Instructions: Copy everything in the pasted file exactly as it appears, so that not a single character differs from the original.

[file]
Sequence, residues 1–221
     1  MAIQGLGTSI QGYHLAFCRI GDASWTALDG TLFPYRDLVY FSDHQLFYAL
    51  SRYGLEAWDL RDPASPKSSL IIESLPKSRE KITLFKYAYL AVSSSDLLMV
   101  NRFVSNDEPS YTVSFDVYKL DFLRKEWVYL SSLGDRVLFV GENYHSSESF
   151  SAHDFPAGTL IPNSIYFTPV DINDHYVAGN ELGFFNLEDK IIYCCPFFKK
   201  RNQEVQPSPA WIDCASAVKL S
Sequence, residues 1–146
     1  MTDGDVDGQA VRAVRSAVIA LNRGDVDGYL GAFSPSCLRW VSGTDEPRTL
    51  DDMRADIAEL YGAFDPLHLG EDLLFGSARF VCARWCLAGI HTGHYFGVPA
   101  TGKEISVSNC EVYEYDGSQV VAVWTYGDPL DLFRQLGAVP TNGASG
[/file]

Sequence, residues 1–221
     1  MAIQGLGTSI QGYHLAFCRI GDASWTALDG TLFPYRDLVY FSDHQLFYAL
    51  SRYGLEAWDL RDPASPKSSL IIESLPKSRE KITLFKYAYL AVSSSDLLMV
   101  NRFVSNDEPS YTVSFDVYKL DFLRKEWVYL SSLGDRVLFV GENYHSSESF
   151  SAHDFPAGTL IPNSIYFTPV DINDHYVAGN ELGFFNLEDK IIYCCPFFKK
   201  RNQEVQPSPA WIDCASAVKL S
Sequence, residues 1–146
     1  MTDGDVDGQA VRAVRSAVIA LNRGDVDGYL GAFSPSCLRW VSGTDEPRTL
    51  DDMRADIAEL YGAFDPLHLG EDLLFGSARF VCARWCLAGI HTGHYFGVPA
   101  TGKEISVSNC EVYEYDGSQV VAVWTYGDPL DLFRQLGAVP TNGASG